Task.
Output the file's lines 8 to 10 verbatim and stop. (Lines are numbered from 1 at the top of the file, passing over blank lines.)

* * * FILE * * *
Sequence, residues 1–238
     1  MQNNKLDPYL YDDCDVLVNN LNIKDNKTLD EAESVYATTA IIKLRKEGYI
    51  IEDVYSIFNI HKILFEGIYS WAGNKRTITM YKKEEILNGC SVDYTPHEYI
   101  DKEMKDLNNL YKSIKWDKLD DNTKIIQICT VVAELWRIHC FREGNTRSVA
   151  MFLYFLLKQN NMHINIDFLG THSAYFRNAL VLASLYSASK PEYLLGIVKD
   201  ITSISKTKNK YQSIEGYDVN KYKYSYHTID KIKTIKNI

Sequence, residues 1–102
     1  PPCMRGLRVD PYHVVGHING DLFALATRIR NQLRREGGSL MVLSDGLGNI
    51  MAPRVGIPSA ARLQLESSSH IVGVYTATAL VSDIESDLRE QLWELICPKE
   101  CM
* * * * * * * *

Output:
     1  PPCMRGLRVD PYHVVGHING DLFALATRIR NQLRREGGSL MVLSDGLGNI
    51  MAPRVGIPSA ARLQLESSSH IVGVYTATAL VSDIESDLRE QLWELICPKE
   101  CM